Staff profile

Dr Chris Alvey

Lecturer in Diagnostic Imaging




College of Health and Social Care


School of Allied Health and Social Care


Kedleston Road, Derby Campus



I currently lecture and academic support for the BSc Diagnostic Radiography programme, across all three years.

I have personal tutor responsibilities for a number of undergraduate students, as well as three foundation degree students.

I am admissions tutor for the programme

Teaching responsibilities

I am module lead for three undergraduate modules; namely Science and Technology 1, Science and Technology 2, and Anatomy and Physiology 1.

My teaching workload is variable, though it is increasing.

I also am an internal moderator for a year one module; this involves ensuring that quality checks are performed at each stage of the student's progression - checking module specifications against assessment criteria and so on.

I am undergraduate admissions tutor, and am responsible for organising the selection day processes for the programme.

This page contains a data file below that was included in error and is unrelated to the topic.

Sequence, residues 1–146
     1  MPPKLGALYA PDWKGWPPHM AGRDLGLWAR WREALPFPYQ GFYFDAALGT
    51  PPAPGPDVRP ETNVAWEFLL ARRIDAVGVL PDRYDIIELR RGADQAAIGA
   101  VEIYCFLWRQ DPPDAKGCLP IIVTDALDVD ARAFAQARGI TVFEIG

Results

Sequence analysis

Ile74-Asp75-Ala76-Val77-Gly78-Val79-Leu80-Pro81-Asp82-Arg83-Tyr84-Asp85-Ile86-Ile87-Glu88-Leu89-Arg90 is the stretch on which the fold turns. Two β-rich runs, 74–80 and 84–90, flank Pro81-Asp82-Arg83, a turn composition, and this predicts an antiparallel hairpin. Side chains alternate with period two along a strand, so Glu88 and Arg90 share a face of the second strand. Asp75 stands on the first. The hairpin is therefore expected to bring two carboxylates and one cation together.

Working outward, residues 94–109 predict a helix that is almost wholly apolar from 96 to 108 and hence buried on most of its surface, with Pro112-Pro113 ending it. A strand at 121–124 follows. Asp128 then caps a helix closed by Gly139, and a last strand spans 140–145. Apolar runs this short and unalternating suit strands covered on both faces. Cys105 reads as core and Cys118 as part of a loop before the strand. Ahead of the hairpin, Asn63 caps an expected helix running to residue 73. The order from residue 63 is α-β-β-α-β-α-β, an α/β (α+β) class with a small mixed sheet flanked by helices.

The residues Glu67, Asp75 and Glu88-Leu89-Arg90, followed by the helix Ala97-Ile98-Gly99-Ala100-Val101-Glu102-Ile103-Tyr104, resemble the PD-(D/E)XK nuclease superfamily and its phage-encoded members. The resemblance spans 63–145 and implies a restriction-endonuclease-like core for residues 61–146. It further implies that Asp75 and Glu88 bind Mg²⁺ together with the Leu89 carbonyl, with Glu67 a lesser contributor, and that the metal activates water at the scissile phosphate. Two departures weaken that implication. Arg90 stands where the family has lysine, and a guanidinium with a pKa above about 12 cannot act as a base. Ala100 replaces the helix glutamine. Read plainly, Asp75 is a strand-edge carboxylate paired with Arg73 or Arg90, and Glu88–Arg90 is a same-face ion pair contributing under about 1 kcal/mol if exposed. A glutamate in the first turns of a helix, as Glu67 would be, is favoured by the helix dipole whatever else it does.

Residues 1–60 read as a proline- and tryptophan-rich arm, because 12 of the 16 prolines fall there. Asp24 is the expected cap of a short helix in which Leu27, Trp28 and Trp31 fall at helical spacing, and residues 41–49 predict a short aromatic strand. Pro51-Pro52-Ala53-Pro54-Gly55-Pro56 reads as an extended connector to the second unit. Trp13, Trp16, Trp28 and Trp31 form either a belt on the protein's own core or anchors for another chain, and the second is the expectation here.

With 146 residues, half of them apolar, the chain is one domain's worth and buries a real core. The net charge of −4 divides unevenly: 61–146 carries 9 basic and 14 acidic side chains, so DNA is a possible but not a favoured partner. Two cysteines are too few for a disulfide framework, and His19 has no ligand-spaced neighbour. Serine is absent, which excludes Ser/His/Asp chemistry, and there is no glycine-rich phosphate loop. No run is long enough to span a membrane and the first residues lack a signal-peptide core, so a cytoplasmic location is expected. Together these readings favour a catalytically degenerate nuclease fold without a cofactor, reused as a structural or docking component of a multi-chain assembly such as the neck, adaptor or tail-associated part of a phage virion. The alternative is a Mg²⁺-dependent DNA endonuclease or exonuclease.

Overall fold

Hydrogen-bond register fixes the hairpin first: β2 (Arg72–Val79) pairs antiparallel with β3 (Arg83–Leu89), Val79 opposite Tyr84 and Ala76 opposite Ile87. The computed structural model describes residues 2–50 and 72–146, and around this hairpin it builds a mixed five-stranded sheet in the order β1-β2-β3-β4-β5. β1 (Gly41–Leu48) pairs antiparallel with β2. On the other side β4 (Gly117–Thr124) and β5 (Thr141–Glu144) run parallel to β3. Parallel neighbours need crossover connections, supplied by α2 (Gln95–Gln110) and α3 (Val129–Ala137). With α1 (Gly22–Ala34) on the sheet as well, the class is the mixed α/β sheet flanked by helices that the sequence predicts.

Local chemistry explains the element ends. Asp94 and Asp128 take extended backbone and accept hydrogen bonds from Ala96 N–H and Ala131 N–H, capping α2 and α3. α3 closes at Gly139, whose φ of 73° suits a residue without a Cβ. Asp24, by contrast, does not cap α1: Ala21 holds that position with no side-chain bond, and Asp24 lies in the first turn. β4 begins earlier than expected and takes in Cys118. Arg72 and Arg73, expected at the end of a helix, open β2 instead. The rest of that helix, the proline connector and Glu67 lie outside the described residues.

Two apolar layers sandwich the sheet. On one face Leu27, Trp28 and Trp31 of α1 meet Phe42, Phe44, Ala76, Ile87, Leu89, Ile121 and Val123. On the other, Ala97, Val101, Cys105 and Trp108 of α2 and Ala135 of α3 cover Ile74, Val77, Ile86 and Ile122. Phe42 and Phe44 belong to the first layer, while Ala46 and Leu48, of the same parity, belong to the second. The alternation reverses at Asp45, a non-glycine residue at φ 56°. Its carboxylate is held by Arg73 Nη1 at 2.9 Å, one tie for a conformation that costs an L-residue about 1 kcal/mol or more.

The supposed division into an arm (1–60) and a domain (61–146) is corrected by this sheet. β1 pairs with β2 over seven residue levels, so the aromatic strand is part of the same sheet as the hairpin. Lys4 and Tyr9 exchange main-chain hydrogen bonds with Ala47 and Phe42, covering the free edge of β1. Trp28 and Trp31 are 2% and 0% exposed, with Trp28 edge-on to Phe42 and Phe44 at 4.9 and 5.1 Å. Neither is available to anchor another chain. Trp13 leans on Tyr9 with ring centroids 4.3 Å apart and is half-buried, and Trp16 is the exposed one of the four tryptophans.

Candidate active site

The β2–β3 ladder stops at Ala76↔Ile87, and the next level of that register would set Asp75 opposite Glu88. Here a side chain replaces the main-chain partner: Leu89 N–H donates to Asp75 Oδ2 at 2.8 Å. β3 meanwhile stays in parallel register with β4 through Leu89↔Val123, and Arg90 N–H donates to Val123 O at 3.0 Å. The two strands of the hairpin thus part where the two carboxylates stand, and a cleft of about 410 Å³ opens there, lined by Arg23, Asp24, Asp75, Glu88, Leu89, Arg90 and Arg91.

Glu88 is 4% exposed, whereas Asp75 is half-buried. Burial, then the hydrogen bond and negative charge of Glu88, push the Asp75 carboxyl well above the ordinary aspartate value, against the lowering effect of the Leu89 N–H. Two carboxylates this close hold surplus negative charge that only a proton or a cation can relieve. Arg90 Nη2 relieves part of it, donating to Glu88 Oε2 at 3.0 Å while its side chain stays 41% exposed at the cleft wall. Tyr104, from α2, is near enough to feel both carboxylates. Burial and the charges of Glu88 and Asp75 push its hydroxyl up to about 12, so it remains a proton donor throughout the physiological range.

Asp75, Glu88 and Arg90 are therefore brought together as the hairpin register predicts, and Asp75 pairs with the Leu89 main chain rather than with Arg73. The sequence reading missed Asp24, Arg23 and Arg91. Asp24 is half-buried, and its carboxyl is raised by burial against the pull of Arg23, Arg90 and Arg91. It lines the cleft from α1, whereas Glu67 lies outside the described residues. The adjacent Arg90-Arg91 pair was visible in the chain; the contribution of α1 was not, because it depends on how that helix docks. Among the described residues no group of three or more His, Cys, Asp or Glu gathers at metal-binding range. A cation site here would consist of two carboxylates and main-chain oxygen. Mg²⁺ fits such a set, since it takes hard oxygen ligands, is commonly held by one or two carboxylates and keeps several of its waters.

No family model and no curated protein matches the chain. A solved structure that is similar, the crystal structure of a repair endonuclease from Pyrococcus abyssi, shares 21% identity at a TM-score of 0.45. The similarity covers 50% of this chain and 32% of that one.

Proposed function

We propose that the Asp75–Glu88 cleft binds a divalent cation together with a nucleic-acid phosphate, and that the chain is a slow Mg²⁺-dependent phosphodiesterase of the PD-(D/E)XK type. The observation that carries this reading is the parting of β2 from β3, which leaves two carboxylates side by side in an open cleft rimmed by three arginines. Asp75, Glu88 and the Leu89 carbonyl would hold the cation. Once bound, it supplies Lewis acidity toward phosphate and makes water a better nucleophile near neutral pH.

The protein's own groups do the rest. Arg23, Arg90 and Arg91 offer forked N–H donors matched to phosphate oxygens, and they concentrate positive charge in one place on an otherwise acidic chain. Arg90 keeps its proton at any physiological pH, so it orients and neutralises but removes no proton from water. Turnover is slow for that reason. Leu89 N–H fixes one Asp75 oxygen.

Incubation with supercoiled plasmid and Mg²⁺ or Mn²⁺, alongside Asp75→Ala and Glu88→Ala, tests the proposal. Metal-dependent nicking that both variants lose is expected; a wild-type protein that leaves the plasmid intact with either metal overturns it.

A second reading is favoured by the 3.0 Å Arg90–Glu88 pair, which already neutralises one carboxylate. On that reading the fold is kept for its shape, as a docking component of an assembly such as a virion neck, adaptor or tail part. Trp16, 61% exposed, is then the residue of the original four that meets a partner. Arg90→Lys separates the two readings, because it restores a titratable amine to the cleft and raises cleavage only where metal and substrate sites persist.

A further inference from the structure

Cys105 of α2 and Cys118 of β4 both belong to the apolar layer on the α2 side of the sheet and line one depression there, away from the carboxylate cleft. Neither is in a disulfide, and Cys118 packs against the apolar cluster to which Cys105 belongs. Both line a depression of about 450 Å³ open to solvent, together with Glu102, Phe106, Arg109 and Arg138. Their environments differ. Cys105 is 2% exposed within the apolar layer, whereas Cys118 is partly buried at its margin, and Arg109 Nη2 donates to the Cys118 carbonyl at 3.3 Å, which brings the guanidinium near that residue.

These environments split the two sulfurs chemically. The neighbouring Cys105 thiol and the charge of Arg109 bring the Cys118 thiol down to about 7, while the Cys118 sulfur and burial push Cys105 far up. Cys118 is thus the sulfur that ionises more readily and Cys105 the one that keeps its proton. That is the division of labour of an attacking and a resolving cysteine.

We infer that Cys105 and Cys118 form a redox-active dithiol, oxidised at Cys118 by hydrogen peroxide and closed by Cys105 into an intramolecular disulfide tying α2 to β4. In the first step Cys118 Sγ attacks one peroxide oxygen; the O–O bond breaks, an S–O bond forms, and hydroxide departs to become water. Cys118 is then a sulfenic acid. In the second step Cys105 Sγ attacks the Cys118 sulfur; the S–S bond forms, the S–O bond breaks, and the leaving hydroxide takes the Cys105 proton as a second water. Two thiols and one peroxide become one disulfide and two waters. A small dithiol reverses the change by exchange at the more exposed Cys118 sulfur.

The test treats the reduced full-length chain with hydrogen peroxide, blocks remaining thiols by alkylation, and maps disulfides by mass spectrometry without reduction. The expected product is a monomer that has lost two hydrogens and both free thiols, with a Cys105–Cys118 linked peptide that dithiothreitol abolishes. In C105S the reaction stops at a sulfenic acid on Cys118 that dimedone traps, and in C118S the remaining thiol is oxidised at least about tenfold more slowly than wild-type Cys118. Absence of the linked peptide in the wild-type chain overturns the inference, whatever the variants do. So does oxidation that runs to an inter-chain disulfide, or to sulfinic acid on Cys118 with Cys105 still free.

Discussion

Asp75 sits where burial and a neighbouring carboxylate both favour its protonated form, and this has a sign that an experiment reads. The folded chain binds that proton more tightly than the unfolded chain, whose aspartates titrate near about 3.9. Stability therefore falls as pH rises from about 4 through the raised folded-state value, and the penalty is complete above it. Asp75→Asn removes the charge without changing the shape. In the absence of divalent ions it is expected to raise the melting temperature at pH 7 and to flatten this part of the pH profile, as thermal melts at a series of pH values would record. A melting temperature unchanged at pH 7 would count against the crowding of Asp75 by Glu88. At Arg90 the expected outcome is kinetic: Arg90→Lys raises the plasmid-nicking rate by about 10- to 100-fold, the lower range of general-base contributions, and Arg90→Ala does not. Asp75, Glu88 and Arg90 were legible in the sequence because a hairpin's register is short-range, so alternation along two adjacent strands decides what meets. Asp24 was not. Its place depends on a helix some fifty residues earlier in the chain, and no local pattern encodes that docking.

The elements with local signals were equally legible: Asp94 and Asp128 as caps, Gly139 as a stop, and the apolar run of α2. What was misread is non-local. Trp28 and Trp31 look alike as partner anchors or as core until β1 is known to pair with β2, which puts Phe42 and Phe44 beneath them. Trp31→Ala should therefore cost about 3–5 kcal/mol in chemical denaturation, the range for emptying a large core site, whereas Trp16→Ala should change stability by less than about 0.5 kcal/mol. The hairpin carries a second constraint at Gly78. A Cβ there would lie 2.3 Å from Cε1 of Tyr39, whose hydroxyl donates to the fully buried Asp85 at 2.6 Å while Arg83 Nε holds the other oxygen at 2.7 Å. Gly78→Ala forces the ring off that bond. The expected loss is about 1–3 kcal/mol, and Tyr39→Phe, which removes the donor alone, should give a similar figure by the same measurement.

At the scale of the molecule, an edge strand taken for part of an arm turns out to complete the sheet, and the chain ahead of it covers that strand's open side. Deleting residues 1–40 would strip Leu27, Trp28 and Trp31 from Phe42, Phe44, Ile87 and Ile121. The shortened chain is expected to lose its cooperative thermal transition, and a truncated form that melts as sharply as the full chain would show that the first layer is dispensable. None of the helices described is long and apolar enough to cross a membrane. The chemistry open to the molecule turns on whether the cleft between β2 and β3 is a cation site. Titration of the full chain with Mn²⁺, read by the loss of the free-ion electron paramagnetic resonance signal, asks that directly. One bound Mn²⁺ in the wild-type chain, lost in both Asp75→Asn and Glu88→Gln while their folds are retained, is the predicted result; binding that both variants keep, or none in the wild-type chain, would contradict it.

I am also developing a pathway for assistant practitioners to progress onto the undergraduate degree.

Professional interests

I am interested in a number of areas connected with radiography, notably interventional radiology, cross sectional imaging, radiation protection

Research interests

I have co-authored several papers in areas such as Poly-cystic ovary syndrome, radiation protection, anatomy and physiology, image processing, and teaching. I am listed in two patents for novel technology; one involving MRI safety, and one involving a novel sequence in MR.

I am interested in a couple of areas regarding low dose exposure to ionising radiation both within a clinical field, and in terms of environmental/public health.

I have presented a paper recently around novel teaching strategies.

Membership of professional bodies


Recent conferences

Experience in industry